Wrong Ways to Think About Biblical Integration: Part One

In their introduction to Teaching and Christian Practices, David I. Smith and James K. A. Smith make an important statement:

“When conversations about pedagogy do occur among Christian faculty, it’s all too common to find them uncritically reflecting tired dichotomies (such as lecturing versus group work) or currently fashionable slogans (such as brain-based or student-centered learning) rather than being informed by explicitly Christian reflection,” (5).

Biblical integration, though a good and necessary practice, can likewise be uncritically considered and practiced. Therefore, the aim of this post is to lead to some critical reflection on some incorrect ideas about biblical integration that stem from unhelpful dichotomies. This list is not exhaustive, but here are a few wrong ways of thinking about integration that stem from unnecessary, false choices.

Wrong Way #1: Biblical Integration requires that I take class-time away from the subject and replace it with Bible study.

The unhelpful dichotomy here would sound something like this, “I only have so much time in my classes. Therefore, the more we integrate the less we interact with our math/history/science/etc.” The problem here is simple: if we think that our biblical integration is something other than our class content, or if we believe that it is in a separate category, we are missing the point of integration. Our biblical integration should never subtract from meaningful, helpful academic class-time. Instead, it should engage our students as they explore, create, analyze, or solve. It provides needed context and content for every legitimate course of study. For example, try to study slavery or the Holocaust without wrestling with the ideas of human dignity and worth, ethical foundations, or power. Conclusion: It’s not academics or integration, but academics through integration.

Wrong Way #2: Biblical Integration requires me to whitewash over the challenging, confusing, or controversial elements that might arise in class content.

The artificial conflict here sounds like, “This is a Christian school, so we can’t talk about bad/evil things. We have to protect our kids from hearing about all of that.” Now, we do have a responsibility to protect our children. We are responsible for their safety and well-being—including their spiritual well-being. However, often their well-being might depend on us preparing them for things that they’ll need to wrestle with in the long-term.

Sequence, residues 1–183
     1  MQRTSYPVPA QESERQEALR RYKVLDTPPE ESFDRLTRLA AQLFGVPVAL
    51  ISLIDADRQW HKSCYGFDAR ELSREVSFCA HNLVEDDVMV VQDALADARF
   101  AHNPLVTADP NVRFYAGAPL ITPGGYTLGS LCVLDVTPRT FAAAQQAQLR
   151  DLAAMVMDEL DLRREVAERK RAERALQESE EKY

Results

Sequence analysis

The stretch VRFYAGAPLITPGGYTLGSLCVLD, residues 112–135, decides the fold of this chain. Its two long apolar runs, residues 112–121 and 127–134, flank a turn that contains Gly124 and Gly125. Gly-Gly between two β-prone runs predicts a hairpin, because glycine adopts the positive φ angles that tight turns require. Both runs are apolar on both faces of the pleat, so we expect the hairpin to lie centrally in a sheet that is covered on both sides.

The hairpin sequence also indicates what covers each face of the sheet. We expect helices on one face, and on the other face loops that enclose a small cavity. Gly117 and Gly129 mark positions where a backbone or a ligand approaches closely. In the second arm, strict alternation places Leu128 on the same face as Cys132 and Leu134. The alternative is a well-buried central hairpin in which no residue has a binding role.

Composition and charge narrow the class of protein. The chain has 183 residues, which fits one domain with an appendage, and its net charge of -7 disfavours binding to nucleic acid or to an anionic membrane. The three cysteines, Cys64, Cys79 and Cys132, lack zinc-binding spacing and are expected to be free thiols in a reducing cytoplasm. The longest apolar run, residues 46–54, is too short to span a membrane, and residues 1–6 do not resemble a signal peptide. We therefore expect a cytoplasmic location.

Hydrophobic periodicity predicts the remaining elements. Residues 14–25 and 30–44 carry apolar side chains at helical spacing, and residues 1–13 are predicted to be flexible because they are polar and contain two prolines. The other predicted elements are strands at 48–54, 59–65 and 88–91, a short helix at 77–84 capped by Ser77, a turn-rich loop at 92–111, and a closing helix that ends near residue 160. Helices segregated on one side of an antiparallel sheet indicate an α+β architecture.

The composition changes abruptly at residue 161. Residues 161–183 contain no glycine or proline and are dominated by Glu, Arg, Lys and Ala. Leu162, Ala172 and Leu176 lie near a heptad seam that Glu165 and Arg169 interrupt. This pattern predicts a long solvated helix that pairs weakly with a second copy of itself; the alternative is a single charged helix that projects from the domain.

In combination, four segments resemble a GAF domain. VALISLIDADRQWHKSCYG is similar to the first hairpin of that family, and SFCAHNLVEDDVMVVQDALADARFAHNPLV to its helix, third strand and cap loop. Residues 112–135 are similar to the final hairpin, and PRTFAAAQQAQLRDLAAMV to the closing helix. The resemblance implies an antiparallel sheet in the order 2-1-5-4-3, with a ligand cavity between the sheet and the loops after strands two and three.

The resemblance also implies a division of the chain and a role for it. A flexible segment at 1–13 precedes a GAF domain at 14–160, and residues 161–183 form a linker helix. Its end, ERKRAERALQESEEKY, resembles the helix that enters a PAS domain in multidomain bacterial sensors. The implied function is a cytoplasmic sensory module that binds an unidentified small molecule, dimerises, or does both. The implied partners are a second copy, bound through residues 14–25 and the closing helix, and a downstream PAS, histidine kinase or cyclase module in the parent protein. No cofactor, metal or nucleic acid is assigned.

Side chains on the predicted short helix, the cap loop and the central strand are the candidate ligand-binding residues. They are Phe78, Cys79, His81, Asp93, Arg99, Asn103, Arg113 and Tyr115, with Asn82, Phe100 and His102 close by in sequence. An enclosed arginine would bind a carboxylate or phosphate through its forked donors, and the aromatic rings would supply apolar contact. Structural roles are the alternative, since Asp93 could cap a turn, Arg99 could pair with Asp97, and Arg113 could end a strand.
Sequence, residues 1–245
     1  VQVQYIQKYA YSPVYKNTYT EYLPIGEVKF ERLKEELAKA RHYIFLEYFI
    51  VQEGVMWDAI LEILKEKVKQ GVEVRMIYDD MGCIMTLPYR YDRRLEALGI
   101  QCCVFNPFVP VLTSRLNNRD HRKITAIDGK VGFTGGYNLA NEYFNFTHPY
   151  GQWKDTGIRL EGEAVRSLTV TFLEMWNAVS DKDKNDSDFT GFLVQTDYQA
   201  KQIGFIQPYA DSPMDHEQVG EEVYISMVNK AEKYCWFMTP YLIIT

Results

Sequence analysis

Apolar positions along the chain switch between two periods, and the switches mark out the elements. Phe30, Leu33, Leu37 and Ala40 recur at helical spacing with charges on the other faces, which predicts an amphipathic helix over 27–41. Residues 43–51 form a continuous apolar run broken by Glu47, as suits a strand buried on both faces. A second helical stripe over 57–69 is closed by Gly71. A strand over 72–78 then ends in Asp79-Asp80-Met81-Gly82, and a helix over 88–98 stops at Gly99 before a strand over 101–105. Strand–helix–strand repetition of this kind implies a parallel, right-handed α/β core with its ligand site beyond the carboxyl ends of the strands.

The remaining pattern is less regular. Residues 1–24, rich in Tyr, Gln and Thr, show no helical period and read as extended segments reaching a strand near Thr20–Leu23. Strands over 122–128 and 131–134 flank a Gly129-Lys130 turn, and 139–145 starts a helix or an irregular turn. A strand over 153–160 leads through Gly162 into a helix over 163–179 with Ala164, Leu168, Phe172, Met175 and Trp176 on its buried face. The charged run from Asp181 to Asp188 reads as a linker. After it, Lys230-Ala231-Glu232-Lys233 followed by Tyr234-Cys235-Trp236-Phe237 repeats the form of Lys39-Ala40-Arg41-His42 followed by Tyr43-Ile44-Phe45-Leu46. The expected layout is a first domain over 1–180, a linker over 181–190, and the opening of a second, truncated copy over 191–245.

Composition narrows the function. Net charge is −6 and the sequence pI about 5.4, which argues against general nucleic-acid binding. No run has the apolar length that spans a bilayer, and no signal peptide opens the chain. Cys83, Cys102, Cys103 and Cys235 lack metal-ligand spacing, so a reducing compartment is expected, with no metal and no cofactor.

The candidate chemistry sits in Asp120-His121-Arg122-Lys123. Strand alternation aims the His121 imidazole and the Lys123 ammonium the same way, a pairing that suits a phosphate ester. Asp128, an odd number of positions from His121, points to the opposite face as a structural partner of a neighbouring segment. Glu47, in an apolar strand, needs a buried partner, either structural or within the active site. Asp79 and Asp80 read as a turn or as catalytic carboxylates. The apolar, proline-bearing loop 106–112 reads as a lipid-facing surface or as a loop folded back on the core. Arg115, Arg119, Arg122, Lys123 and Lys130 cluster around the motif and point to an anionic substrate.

For example, I would not speak to a 3rd grader and a 10th grader in the same way about gender dysphoria and transgenderism in science, history, ethics, current events, or other classes where that might rightly come up as a topic of instruction. I might speak to my 3rd grade student and say,

“We live in a world where some people are confused about being a boy or a girl. When sin came into the world, it affected everything and caused lots of problems and pain. As Christians, we need to love everyone, especially those who are hurting, struggling, or confused. We want to help them understand the truth about who God made them to be. Can you think of a place in the Bible where God talks to us about what to do when we are struggling or confused? Can you think of a place where God tells us how to treat others who are having a hard time?”

When speaking to a 10th grade student, I might start the discussion by saying something like,

“There is a condition that psychologists call ‘gender dysphoria.’ This means that some people are feeling tension between who they are on the inside and who they are on the outside, and this causes distress. As Christians, we know that the Fall affected the world so that it is now disordered. All humans are disordered in serious ways—you and me too. And this is a particularly difficult and contentious area because it is a hot-button issue and a real struggle for real people today. Can you relate to, or empathize with, feeling distress about who you are and how others see you? Can you think of how the Bible might speak to issues related to disorder, the results of sin on the world, and how we can love people well while holding to the truth?”

Instead of glossing over this challenging issue, biblical integration helps the students engage with it in appropriate, biblical ways. Conclusion: The best way to protect our kids is to help them think biblically. The world is more than ready to have the hard conversations with our students, but it is our responsibility to prepare them, engage them, and correct them so that they can succeed in the long-term.

In my next post, I’ll address other wrong ways to think about integration like:  “Biblical Integration requires the teacher to be a Bible-expert,” “The point of biblical integration is Bible knowledge,” and “The teacher needs to do all the integrating.”

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